Our Guest Blog Contributor is Liz Hall. She is Executive Director of Training and Development at C&A Industries Omaha, Nebraska, which has six times been the receipient of one of the best places to work in Omaha.
I will be the first one to tell you that I don’t need recognition to do my job. I tend to see it as being cheesy, soft, and simply unnecessary.
I like action.
Show me you care for me by doing what you say you are going to do, showing up to work, and finishing what you start.
Although I am a Gen X’r, I possess many Baby Boomer traits, such as working hard, not asking for much, and making sure I get the job done. “Why, why doesn’t everyone else see things this way?” I frequently found myself wondering at the start of my management career.
One day I asked for some feedback from someone who was leaving our team. Their answer was a harsh reality check. “Liz, you are so unemotional. When I come in every morning, you don’t even look up from your computer. I never know where I stand with you. I only hear about when things go wrong.” I was shocked, and realized that this summed up a large reason for why they were leaving: they needed to work for someone who would give them recognition.
As difficult as it was to hear these words, I am forever grateful for the courage it took this person (who later came back to the company) to give me this much needed feedback. And so, my journey to become a better leader began.
I came to understand that as a manager, you are the sum of who you surround yourself with. People are your greatest resource. But if you surround yourself with great people and don’t show them appreciation, they will likely find another manager who will.
Over time, I have learned 5 Big Ideas that have helped me become better at showing others recognition, which I’m sharing with you to help you become a better coworker and leader.
Idea 1: Know HOW your people want to be recognized, and match your praise to their preferences.
People differ greatly in the types of praise that they perceive as being most meaningful. Not everyone likes for the whole world to know. Some do. A great resource that has helped me easily identify people’s preferences is the book Five Languages of Appreciation in the Workplace, by Gary Chapman and Paul White. It includes a quick assessment to help you discern your preferred language of appreciation.
They fall under five categories: Words of Affirmation, Quality Time, Acts of Service, Tangible Gifts, and Human Touch (such as a high five– keep it HR approved!). The worst thing you can do is assume other’s preferences are the same as your own, or give appreciation the same way to everyone. For instance, if you give someone a Starbucks gift card and they 1) are not a coffee drinker and 2) prefer words of affirmation, you have completely negated the praise. Not only do we need to praise and appreciate, we need to do so in the right way.
Idea 2: What gets praised gets repeated.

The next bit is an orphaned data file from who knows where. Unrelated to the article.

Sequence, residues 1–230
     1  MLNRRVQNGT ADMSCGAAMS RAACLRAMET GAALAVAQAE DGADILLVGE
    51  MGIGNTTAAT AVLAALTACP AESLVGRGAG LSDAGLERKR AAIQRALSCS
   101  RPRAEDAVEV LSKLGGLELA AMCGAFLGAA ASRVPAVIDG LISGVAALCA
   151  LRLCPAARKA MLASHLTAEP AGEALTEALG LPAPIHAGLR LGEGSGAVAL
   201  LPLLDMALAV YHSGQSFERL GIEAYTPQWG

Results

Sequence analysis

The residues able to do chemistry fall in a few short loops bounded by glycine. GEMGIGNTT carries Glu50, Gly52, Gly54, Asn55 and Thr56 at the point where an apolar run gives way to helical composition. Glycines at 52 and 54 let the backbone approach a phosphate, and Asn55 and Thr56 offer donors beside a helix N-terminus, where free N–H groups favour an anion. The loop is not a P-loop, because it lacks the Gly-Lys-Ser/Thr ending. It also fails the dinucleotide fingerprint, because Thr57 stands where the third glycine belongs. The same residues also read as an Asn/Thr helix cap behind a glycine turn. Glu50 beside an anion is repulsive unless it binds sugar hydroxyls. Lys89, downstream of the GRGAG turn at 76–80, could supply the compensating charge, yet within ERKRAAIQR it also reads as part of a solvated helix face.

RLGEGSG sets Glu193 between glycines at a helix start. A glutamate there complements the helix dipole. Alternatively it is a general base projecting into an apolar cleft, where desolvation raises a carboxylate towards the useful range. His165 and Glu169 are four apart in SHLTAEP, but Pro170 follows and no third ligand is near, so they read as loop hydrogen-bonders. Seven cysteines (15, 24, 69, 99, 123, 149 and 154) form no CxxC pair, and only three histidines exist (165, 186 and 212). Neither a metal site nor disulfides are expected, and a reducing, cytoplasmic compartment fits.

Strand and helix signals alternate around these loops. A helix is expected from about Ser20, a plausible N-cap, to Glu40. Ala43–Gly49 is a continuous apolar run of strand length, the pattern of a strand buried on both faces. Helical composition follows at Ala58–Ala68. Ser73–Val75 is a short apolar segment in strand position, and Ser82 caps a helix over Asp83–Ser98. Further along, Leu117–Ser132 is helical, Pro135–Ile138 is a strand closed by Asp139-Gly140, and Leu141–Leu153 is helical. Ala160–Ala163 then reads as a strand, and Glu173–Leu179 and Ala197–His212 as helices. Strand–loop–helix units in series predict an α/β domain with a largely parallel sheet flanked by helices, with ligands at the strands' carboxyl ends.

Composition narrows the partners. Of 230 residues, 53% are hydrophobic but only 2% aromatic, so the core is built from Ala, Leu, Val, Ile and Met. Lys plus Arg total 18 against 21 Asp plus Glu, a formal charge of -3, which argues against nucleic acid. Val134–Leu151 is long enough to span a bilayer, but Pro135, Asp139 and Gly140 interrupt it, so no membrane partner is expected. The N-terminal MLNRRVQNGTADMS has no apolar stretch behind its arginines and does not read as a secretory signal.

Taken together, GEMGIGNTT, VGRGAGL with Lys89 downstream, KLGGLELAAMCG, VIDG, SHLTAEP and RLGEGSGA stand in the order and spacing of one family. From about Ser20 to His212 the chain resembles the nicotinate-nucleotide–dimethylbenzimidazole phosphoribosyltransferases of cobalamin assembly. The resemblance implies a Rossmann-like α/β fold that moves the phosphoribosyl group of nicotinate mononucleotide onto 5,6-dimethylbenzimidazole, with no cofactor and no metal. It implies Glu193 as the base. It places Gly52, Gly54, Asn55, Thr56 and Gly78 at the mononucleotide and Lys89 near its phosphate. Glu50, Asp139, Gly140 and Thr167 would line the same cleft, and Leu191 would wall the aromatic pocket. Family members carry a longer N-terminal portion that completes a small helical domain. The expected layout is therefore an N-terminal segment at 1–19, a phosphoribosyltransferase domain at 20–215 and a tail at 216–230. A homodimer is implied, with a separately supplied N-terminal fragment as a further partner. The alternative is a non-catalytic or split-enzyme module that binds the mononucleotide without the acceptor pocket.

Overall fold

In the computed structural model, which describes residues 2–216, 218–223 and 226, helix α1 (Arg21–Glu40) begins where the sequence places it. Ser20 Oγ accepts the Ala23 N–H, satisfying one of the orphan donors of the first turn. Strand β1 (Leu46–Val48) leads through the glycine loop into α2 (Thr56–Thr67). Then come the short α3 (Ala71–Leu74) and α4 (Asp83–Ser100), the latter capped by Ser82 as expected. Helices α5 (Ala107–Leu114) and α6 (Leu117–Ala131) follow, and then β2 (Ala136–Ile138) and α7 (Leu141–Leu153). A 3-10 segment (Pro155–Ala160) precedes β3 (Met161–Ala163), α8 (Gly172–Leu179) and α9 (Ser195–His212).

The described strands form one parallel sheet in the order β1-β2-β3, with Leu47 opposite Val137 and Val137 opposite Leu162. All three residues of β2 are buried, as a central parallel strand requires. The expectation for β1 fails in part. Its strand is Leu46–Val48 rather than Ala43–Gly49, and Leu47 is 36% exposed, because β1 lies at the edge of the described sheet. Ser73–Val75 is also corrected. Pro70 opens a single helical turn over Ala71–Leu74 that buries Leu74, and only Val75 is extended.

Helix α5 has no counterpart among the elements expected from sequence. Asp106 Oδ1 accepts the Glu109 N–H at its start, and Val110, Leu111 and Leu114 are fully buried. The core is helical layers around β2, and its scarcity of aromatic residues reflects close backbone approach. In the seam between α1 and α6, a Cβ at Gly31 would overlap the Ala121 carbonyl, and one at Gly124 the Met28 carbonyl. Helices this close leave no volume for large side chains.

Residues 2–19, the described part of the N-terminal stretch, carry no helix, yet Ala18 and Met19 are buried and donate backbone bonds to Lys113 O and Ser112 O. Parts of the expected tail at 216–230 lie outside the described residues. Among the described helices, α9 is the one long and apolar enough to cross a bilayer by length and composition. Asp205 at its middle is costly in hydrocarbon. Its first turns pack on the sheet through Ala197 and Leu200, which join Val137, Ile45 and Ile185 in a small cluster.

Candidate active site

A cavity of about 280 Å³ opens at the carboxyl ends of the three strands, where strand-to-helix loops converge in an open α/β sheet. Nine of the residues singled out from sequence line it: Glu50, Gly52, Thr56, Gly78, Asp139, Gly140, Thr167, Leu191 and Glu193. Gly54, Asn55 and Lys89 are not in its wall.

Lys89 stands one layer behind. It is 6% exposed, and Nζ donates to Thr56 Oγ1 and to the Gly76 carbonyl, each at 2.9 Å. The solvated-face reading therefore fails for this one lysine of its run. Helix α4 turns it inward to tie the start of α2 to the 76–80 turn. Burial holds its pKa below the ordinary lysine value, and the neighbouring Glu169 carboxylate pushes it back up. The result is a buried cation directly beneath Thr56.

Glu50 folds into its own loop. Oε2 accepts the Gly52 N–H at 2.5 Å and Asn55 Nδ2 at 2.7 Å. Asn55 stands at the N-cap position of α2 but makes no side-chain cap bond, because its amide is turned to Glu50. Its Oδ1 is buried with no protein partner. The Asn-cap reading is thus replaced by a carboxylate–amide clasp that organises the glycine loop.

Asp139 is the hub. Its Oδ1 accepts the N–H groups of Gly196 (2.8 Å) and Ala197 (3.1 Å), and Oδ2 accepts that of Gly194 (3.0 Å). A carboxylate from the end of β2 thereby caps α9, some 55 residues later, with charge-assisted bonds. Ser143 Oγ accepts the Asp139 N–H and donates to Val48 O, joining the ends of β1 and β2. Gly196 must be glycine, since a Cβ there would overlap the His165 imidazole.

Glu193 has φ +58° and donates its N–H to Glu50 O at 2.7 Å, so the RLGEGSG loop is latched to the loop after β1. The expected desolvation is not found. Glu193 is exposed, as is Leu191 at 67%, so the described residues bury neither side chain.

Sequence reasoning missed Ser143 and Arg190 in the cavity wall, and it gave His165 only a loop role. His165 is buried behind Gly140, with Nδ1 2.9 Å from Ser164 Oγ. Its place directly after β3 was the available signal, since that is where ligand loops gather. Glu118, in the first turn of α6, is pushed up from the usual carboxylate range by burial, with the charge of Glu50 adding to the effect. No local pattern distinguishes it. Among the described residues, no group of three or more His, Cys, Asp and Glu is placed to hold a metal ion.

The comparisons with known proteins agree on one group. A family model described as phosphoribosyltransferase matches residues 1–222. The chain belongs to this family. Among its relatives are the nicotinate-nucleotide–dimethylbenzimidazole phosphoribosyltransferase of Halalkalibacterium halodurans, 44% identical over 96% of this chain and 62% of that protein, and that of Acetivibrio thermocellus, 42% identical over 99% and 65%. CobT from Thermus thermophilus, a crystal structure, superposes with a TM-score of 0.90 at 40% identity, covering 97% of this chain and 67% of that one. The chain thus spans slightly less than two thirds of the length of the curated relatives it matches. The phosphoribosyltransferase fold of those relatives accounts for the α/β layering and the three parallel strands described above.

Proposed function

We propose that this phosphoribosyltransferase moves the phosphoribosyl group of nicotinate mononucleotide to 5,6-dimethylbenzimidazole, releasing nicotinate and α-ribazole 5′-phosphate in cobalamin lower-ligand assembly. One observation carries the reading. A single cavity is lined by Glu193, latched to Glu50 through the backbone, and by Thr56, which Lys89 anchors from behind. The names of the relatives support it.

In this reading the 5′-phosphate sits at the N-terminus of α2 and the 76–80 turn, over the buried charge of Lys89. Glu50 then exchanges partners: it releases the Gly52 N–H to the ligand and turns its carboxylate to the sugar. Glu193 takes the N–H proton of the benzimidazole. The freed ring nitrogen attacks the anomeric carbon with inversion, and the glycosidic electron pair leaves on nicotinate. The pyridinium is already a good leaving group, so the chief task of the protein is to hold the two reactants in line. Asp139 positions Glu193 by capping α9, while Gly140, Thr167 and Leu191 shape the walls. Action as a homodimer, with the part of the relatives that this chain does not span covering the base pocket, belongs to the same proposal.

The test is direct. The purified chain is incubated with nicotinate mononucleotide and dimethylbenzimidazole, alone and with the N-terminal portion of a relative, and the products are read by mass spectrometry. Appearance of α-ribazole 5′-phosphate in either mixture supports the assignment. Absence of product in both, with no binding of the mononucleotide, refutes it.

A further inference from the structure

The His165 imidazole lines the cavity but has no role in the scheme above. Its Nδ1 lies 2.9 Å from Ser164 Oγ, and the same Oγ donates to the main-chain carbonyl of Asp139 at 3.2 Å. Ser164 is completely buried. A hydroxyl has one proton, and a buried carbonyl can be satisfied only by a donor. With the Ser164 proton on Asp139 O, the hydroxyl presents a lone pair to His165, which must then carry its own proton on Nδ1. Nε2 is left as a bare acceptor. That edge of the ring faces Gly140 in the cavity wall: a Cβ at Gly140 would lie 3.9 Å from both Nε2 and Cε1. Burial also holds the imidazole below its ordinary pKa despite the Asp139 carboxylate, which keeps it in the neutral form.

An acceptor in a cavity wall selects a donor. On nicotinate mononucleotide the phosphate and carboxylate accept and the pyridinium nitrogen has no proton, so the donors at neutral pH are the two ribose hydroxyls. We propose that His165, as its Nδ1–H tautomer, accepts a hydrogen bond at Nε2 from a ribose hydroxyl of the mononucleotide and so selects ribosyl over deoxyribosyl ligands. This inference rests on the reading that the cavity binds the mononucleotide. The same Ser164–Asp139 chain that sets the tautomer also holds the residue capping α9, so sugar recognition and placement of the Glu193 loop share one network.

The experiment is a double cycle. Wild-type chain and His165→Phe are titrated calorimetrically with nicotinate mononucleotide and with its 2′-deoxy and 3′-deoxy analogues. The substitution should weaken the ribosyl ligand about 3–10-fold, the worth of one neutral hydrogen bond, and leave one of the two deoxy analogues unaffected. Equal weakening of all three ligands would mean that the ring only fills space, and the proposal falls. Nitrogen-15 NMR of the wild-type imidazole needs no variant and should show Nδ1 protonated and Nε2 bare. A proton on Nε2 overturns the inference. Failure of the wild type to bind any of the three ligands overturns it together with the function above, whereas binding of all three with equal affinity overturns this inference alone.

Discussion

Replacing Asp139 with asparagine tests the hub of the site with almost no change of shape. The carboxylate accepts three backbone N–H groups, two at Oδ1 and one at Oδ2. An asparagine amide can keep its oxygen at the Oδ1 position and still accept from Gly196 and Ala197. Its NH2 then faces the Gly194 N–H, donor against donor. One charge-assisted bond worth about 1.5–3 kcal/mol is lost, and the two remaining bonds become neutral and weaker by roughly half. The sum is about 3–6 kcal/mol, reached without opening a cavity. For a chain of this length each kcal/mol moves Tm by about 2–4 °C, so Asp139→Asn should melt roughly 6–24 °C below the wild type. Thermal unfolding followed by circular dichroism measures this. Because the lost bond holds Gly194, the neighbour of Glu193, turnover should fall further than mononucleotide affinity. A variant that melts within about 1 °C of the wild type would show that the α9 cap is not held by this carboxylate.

Rather telling people what to stop doing, what happens when I spend more time telling them what they have done well? I have learned to spend less time and energy on changing what they are doing wrong, and more on what they are doing right.
Idea 3: Timing matters.
A few years back we did a software implementation that involved over sixty people, and I knew it was important to recognize the excellent work they did to make it happen. So, I sat down one Saturday night and after eight straight hours, I completed sixty handwritten “Thank you” cards. But, while my heart was in the right place, it was months after the implementation. I recall running into one of the team members a few weeks later and thanked them again, hoping to emphasize my appreciation for their work. Their response was not what I had hoped for: “Oh. Frankly, I had forgotten about it, but thanks.” This helped me realize that timing really is important when giving recognition.
At C&A Industries, we use recognition software (AMPT) that provides us with the ability to provide instant feedback. Additionally, it serves as our company directory, which helps us put a face with a name. The AMPT system is a fun, quick way to thank someone, while letting the rest of the company see how great they are!
Idea 4: Everyone matters and needs to be shown appreciation for their contribution to the organization.
Whether it is the cleaning company that is responsible for cleaning the floors, the front desk coordinator who takes hundreds of phone calls every day, or your top sales performer, everyone needs to know their value and how they contribute to the bigger picture of your organization’s goals.
Providing sincere appreciation not only lets them know how awesome they are, but helps identify their “Why.” This feeling of purpose is necessary for people to enjoy their work, and makes them more motivated to do it well. Never under estimate the importance of telling another person that they matter.
Idea 5: Generalities mean little. Specifics are everything.
I recently was working with a manager who was trying to change their team’s perception of them. They couldn’t understand why their team didn’t feel appreciated. They thought they were good at recognizing the team members, since they thanked them “all the time” and frequently said “Good job!” I immediately thought, “Good job? For what?” If I am asking myself this question, there is a good chance your team is, too. There isn’t a day that goes by where I don’t hear this type of very general, “drive by” praise that means absolutely nothing to your team. Take the extra minute to make it specific and meaningful, otherwise your appreciation loses a significant amount of its impact.
Finally, people are our greatest resource and it is imperative that we treat them as such. By implementing these 5 Big Ideas into your daily routine, not only will you have a highly-engaged workforce, but you will also retain your best people.
What other ways have you found to be impactful when providing recognition?